Rainbow Ball: match five tiles in a row or column to get a Rainbow Ball. When employed, the Rainbow Ball will remove every tile presently on the board that matches the color it had been swapped with.
The Rainbow Ball is always useful since it clears a slew of tiles throughout the board at once. If you’ve got a objective of collecting a specific type of tile-e.g., 40 green teacups-that the Rainbow Ball will make fast work of the task.
For all power-ups, if they strike tiles that need more than one match to be eliminated -such as strengthened Boxes-or act as breakable walls-such as Cookies-then they will either do one damage or stop at the tile after destroying it.
Every power-up can be swapped with another power-up for a more powerful capability to match a Rocket or Bomb with a Paper Plane and the Plane will take the volatile to its final destination and release it there, allowing you to Bomb a distant (although somewhat random) part of this plank. Swap two Rockets to clean both a column and row (even though both softball are facing the exact same direction). Matching any power-up with a Rainbow Ball will unleash dozens of that power-up all around the board.
Unlike Gardenscapes, there’s absolutely no exceptional power-up made by setting off explosions. But the Rainbow Ball and Paper Plane compensate for this with their abilities.
Concentrate on the Task at Hand
Every mystery level in Homescapes is going to have a particular victory condition. This normally involves collecting or eliminating a particular type and volume of tiles. Early phases will feature a lot of”collect X number of Y vinyl” targets, while as you progress you will uncover challenges that include laying Carpet throughout the entire board, eliminating Cherries from inside jelly, breaking apart Cookies, and more.
Often, phases will unite challenges even if the victory condition does not ask that you clear all kinds. For instance, a stage with a goal of amassing Cherries could have Boxes obstructing a few of those Cherries.
Concentrate on the true stage target and do not get distracted trying to clean items which you do not need to. If there are Boxes that aren’t in your way, do not waste turns eliminating these. Keep in mind that certain power-ups allow you to get blocked off tiles, so try using a Paper Plane instead of multiple turns clearing a few Boxes.
If the win condition involves both eliminating items and collecting a specific number of a color tile type-such as eliminating Boxes and amassing green teacups-concentrate on the eliminating part. Normally over the duration of finishing that task you will collect the majority of the base tiles you require for the next goal.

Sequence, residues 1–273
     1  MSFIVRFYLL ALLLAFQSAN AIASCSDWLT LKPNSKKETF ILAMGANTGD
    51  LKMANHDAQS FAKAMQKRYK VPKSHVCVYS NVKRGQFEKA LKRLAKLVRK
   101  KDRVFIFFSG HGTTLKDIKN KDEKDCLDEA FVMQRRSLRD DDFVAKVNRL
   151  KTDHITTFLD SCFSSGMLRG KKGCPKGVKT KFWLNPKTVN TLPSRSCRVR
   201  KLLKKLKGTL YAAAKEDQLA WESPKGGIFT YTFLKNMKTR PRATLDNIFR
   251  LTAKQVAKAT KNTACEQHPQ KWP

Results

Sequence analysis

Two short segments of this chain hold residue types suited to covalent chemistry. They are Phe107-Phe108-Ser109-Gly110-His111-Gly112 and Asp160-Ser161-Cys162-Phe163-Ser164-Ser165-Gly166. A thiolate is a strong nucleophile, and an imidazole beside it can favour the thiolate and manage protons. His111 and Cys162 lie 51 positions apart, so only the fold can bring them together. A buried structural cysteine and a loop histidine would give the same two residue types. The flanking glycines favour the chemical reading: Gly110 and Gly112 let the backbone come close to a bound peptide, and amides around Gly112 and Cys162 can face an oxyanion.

How Certain Tiles Work
There are a wide array of tiles in Homescapes (and we’re still discovering new ones as we perform ), many of which have their own rules for removal and interaction.
Among the more unique kinds is Carpet: Carpet tiles have a bumpy green background and are normally the attention of a point’s goal. On a carpeting level, you need to spread Carpet onto every tile. You do it by matching tiles tiles that are already on Carpet, or by swapping tiles that are on Carpet to a suit. Simply matching alongside Carpet won’t do anythingone of the tiles included in your match must currently be touching Carpet or have just come from Carpet.
The exact same goes for power-ups on these phases: if you use a Bomb that’s presently on Carpet, any tiles it clears will benefit Carpet. However, if you use a Bomb that’s not on Carpet, then it is only going to clear the tiles-it won’t include Carpet to them. If a Rocket crosses Carpet while clearing a row or column, any tiles it stops after it strikes Carpet will end up Carpeted.
Cookies and Boxes may be eliminated by matching alongside them. However, Boxes cannot be transferred or swapped while Cookies may -you may make a match by swapping a Cookie tile with another tile. But while Boxes allow power-ups to travel through them (a Rocket that strikes a Box will continue past it and split anything beyond the Box), Cookies don’t (a Rocket that strikes a Cookie will crack the Cookie and cease ).
You can move tiles to empty spaces to make games. And on phases where tiles do not simply fall straight down, a gust of wind will soon blow occasionally to remind one of this direction the tiles move.
The closing Booster, the Dual Paper Plane, can be selected after level 20 and doubles all Paper Planes earned while enjoying that stage.
Like coins, Boosters are incredibly difficult to come by, so we recommend saving them until absolutely essential. On the first stage after you unlock each Booster, they will be auto-selected within this tutorial: you can deselect them before starting the stage and stop wasting a Booster on lesser levels. If you choose Yes, it only selects that homescapes cheats before starting again. It will not award you an extra Booster-it is just recommending a particular one that might come in handy.